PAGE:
Coal has a bigger problem than Obama

DESPITE what some may say, Hogsback reckons the re-election of Barack Obama as US president was not the worst thing that happened to coal this week.

Tim Treadgold

Of far greater concern, if only because it creates an additional layer of complexity, was a report from Moody’s Investors Services on the credit worthiness of the European thermal power industry.

In a few words, Moody’s found that traditional coal and gas-burning power plants faced a future of falling revenues as government-subsidised renewables snatched a bigger share of the electricity market.

If the rise of renewables such as wind and solar continues, then some of Europe’s biggest thermal power utilities could be driven out of business.

The Moody’s report makes for sobering reading – not just because of what is happening to an industry that is the major consumer of thermal coal and not just because what happens in Europe has a habit of spreading worldwide.

The more disturbing aspect to the Moody’s report was that it suggests that a solution to the challenge of subsidised renewables is to subsidise coal and gas-fired power stations.

At first glance, The Hog thought such a suggestion to be utter madness, but as he read into the document it became a little clearer that the European power sector has taken on the appearance of a Mad Hatter’s tea party as last seen in Alice in Wonderland.

Taxpayers in depression-hit Europe (it is no longer a simple recession) are already paying handsomely for the privilege of using electricity generated by the intermittent flow of power from wind turbines that only work when the wind blows and solar panels the only work when the sun shines.

So, and try to not laugh when you read this, the solution to this problem of unreliability is to make “capacity payments” to conventional power stations to keep them in business.

Decoded, a “capacity payment” is a government subsidy to a coal or gas-fired power station to keep them in business to ensure the integrity of the electrical distribution system by generating power when the wind isn’t blowing or the sun isn’t shining.

Other observers of the coal industry might disagree with how The Hog sees such a situation. They could argue that Obama is a bigger threat because of his anti-coal policies, such as encouraging the zealots in his environmental agencies to make life even harder for coal-fired power generators.

As was pointed out in yesterday’s story (Coal calamity: Obama wins) the twin threats to coal in the US are a rising tide of environmental regulation and a flood of low-priced natural gas.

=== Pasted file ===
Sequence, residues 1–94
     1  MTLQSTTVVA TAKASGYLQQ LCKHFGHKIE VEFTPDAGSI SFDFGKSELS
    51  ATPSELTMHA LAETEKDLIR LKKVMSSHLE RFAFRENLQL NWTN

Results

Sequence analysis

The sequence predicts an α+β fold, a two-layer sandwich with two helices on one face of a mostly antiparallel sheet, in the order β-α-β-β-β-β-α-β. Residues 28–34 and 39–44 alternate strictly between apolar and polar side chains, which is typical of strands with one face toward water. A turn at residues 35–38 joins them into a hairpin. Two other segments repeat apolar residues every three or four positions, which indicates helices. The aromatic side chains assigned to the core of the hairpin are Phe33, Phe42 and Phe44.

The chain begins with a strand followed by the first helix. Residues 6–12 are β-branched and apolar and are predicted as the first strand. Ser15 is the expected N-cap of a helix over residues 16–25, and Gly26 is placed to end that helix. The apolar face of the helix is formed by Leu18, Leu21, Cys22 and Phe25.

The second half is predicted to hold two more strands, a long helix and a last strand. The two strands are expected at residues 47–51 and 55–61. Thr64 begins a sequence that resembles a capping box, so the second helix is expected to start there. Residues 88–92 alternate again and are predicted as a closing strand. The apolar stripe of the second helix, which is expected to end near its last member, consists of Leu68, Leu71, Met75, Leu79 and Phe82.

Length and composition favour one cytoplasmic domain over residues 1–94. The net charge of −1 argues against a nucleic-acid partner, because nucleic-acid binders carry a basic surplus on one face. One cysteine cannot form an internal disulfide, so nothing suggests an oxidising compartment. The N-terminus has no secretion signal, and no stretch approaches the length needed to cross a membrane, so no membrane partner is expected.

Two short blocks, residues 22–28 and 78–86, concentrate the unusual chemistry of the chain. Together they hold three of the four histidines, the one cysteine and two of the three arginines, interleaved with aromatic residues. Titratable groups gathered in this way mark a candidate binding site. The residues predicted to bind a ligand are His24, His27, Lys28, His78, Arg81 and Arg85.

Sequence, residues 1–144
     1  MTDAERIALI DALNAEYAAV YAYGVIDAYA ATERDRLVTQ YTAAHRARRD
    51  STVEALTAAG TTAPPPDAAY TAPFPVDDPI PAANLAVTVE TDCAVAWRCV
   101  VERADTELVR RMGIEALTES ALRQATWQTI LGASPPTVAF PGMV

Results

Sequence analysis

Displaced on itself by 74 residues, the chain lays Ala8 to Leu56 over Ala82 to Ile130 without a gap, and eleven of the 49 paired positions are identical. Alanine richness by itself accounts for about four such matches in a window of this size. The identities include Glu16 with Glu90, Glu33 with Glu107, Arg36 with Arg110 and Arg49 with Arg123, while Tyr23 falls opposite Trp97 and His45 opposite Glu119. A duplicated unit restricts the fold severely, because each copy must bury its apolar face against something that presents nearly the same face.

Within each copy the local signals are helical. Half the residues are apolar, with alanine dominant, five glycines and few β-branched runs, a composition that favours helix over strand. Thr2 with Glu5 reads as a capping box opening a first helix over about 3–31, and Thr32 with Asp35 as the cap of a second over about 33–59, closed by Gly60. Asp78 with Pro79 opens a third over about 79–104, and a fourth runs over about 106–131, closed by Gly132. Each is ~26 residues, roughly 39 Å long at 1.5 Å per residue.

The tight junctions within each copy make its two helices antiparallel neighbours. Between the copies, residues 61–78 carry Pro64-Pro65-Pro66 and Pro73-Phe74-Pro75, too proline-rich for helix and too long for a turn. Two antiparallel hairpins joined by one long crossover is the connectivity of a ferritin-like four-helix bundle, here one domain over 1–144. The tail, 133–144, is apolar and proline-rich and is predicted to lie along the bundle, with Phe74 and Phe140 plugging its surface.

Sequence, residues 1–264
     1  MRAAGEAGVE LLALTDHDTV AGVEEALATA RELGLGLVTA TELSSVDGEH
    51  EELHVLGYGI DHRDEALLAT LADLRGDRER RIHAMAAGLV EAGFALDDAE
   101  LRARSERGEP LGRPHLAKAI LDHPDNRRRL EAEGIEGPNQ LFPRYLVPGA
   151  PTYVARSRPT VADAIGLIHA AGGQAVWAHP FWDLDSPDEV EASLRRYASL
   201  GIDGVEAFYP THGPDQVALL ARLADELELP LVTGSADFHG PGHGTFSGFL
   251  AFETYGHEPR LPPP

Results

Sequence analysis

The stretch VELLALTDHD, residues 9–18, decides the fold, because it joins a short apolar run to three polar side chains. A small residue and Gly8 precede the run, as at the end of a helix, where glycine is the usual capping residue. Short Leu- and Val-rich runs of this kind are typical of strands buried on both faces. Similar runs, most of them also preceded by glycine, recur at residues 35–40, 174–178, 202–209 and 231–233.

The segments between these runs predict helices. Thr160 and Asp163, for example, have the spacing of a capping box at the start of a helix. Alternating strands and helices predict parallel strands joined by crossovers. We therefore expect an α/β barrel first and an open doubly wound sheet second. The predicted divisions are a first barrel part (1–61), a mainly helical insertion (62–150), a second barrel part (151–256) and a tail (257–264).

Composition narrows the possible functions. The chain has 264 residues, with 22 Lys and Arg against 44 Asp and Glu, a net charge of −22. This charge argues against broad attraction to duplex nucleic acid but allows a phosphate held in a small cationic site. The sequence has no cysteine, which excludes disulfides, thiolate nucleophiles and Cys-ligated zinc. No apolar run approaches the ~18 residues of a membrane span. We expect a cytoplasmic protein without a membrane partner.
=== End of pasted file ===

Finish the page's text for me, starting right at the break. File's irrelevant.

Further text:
Those policies in the US are, in turn, pushing more US coal into the world market which is, in turn, depressing the global coal price.

Europe, however, is a problem of a totally different sort. There power generators are falling into the debt-trap that has already wiped out the economic fundamentals of several governments.

It has taken the Moody’s report to highlight the problem of subsidised renewable power on conventional generators, best summed up in this comment from Moody: “What were once considered stable companies have seen their business models severely disrupted.

“Given that further increases in renewables are expected, these negative pressures will continue to erode the credit quality of thermal-based utilities in the near to medium term.”

Unsaid, or at least unreported by the handful of international news wires that recognised the significance of the Moody’s report is the subsidy issue, The Hog will attempt to explain.

Essentially, renewable energy in Europe has been growing because it is being subsidised by governments that are technically insolvent.

Those subsidies, extracted from hard-pressed taxpayers via high power bills, are ensuring ever-more renewable power is produced which is, in turn, driving the thermal power generators out of business.

The solution, which is hard to believe in whatever way it is dressed up, is to start subsidising the thermal power generators so they can stay in business to supplement the already subsidised renewable power generators.

The ultimate irony of this farcical situation is that subsidy-on-subsidy is not a sustainable business plan, even if it is in the name of sustainable power generation.

What must happen is that ever-higher subsidies for power pushes Europe ever closer to a financial collapse which, in turn, drives down demand for all forms of power which, in turn, pushes up the required government subsidies.

Perhaps The Hog is misreading the situation, but what he sees happening in Europe is a sort of perpetual motion machine built on government hand-outs that no-one can afford and which must eventually lead to a spectacular crash – at which point power generation reverts to the cheapest fuel source: coal.

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